A lack of feedback can make even the most motivated staff member start to feel discouraged or disgruntled.
That’s just one reason why effective staff evaluations are crucial for church teams. You can work toward the most important mission in the world—as churches do—and still feel disconnected when you receive little to no feedback, encouragement, clarity, or direction.
One main aspect of your role as a leader is to help your team flourish. One way to do that is to develop your team through training. Completing staff evaluations for each team member helps you know where to focus your efforts and how to set everyone up for success based on their ministry goals and individual strengths.
But goals, objectives, and strengths aren’t the only areas that staff evaluations need to cover.
When most people think of doing evaluations for their church staff, we think of setting goals and reviewing accomplishments. The Quarterly Staff Review Form in our Resource Library covers these areas and more, so we understand the importance of reviewing past and future goals in staff evaluations.
The most effective staff evaluations go below the surface. They include discussions about alignment and uncover deeper insights that help your church’s leadership understand who your team members are and where they fit in. They help you pastor your team and monitor their progress in a customized way that makes the most sense for their role.
So, for your next round of church staff evaluations, consider covering these four key areas with your team.
#1 – Alignment with the mission
When you’re not the ones preaching on Sundays or leading connection groups, it can be challenging for many church staff members to see how their role pushes the church’s mission forward.
In staff evaluations, take the time to break down how each person’s role on the team helps the church with the greater purpose and mission. Discuss both their role and their personal alignment with the mission.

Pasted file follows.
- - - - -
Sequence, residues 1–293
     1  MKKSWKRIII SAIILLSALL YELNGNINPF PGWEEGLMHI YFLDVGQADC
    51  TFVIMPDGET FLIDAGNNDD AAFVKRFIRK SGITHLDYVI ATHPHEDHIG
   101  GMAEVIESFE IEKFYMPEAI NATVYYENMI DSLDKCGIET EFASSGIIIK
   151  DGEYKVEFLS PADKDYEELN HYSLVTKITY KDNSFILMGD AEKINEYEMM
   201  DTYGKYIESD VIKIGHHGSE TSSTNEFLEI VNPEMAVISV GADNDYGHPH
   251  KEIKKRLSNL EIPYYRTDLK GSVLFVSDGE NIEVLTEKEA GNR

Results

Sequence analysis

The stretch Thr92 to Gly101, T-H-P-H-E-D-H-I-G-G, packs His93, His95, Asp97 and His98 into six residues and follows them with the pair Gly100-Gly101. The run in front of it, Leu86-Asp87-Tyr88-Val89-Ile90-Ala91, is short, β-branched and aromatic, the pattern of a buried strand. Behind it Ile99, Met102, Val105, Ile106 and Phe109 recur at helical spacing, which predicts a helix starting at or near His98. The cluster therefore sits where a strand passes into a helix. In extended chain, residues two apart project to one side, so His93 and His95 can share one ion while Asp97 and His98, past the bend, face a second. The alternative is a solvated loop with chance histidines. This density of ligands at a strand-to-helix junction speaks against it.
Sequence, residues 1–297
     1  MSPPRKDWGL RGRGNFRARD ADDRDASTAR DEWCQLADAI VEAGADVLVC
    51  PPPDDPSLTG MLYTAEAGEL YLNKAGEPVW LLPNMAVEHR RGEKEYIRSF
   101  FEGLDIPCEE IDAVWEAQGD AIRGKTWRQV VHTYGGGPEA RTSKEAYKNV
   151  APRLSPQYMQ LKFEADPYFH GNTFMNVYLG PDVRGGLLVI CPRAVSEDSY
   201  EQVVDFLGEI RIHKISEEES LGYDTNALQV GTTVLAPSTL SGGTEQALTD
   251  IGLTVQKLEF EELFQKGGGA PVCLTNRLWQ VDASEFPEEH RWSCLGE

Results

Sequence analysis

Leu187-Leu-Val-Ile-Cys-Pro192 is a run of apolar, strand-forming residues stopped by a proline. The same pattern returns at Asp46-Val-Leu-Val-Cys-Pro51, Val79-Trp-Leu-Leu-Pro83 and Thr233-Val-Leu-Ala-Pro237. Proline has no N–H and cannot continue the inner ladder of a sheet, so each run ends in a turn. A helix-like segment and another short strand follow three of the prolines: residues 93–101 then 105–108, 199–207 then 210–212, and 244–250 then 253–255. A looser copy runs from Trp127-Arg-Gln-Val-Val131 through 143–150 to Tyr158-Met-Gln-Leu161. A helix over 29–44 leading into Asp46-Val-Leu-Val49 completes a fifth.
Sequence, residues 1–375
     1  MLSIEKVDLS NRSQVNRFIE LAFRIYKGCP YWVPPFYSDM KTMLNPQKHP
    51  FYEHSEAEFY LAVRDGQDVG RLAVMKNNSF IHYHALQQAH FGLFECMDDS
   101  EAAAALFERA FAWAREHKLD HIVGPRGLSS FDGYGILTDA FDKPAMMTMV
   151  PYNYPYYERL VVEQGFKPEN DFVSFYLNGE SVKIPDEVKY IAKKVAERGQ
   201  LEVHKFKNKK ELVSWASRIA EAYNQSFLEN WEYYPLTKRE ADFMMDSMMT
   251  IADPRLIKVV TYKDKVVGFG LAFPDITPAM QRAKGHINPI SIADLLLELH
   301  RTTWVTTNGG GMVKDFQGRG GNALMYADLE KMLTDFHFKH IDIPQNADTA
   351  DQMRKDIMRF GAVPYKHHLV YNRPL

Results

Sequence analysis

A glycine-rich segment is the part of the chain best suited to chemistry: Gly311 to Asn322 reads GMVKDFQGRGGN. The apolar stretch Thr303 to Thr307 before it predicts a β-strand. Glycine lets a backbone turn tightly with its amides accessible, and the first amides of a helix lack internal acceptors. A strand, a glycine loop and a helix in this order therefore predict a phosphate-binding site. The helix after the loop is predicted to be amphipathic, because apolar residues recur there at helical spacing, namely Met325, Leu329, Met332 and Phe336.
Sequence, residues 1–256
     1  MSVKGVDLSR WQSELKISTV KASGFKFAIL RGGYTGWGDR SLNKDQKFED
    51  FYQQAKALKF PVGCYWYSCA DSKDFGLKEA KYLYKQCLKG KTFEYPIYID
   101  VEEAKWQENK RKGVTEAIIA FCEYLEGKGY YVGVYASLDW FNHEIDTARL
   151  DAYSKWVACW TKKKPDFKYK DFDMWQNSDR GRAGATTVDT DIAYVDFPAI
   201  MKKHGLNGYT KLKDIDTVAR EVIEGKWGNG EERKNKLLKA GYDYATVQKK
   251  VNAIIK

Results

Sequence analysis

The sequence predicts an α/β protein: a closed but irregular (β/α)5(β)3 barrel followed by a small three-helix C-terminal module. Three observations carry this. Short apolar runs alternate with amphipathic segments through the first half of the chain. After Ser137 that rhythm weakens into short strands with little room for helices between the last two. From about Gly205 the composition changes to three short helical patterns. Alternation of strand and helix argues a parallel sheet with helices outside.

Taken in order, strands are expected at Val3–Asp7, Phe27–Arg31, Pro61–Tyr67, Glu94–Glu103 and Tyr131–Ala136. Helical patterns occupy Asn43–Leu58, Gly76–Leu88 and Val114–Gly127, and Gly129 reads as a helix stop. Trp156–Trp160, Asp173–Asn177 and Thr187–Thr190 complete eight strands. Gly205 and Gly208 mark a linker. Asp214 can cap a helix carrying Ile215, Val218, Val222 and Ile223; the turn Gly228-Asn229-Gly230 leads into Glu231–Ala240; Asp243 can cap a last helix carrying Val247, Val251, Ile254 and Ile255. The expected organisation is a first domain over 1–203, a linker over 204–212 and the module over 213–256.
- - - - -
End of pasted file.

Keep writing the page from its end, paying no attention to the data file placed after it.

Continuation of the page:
- Does this team member understand why their role is important?
- How would this team member rank themselves on embodying each of the church’s core values?
- In what ways would this team member like to further participate?
- How would this team member articulate their ministry department’s role in the church's purpose and mission in their own words?
#2 – Satisfaction with the role
Sometimes church leaders don’t find out that staff members are in the wrong role or aren’t working to their strengths until it’s too late. They find out when a significant ball is dropped on a project or they resign from their position.
If a staff member doesn’t identify with their role, they can start to feel jaded and you’ll notice morale getting lower. It might be time for them to transition off of the church staff or, if possible, into a role on staff that better suits their gifts and skillset.
It’s much easier to catch dissatisfaction before anything catastrophic happens if a discussion about alignment with their role is included in their evaluation. Even if they’re doing an “okay” job, they might dread coming to work every day because they’re in a role that doesn’t fit them. You may never know (or find out too late) if you don’t ask.
#3 – Personal and spiritual health
Imagine this scenario. You may have even seen it before.
A church staff member experiences a mental breakdown, intense spiritual struggles, or moral failings. At that point, leaders ask, “How could we have not seen this coming? What signs did we miss?” or they say, “But he or she was excelling at their job!”
When we only evaluate a staff member’s work performance and not their personal and spiritual health—especially in a church environment—we’ll miss signs of burnout, spiritual weakness, and health concerns.
Some of your team’s star employees will accidentally work themselves to the bone and end up in the hospital or neglect their families in the name of serving the church. Some will sacrifice their personal health and spiritual health, going through the motions of Christianity and only plugging into the church to do their job.
When you do staff evaluations, cover personal and spiritual health too. Make sure that your team knows that their relationship with God comes first and that they’re only expected to serve out of genuine love for and connection with the Church.
#4 – Custom performance metrics
We often ask every staff member the same questions to evaluate how they’re doing in their role. Or even worse, we don’t ask any questions and just hope everyone is doing alright in Jesus’ name.
Not only should work performance matter in church settings, but our evaluation of performance should include key performance indicators that are specific to each ministry area.
These performance indicators hold team members accountable and help them reach their goals. If goals and objectives are unique to each ministry in the church, performance metrics should be too.
Take the Next Step
Leading people is one of the most difficult tasks of pastoral leadership. The Senior Pastor’s Guide to Leading Staff will help you lead yourself so that you can better lead the people on your team.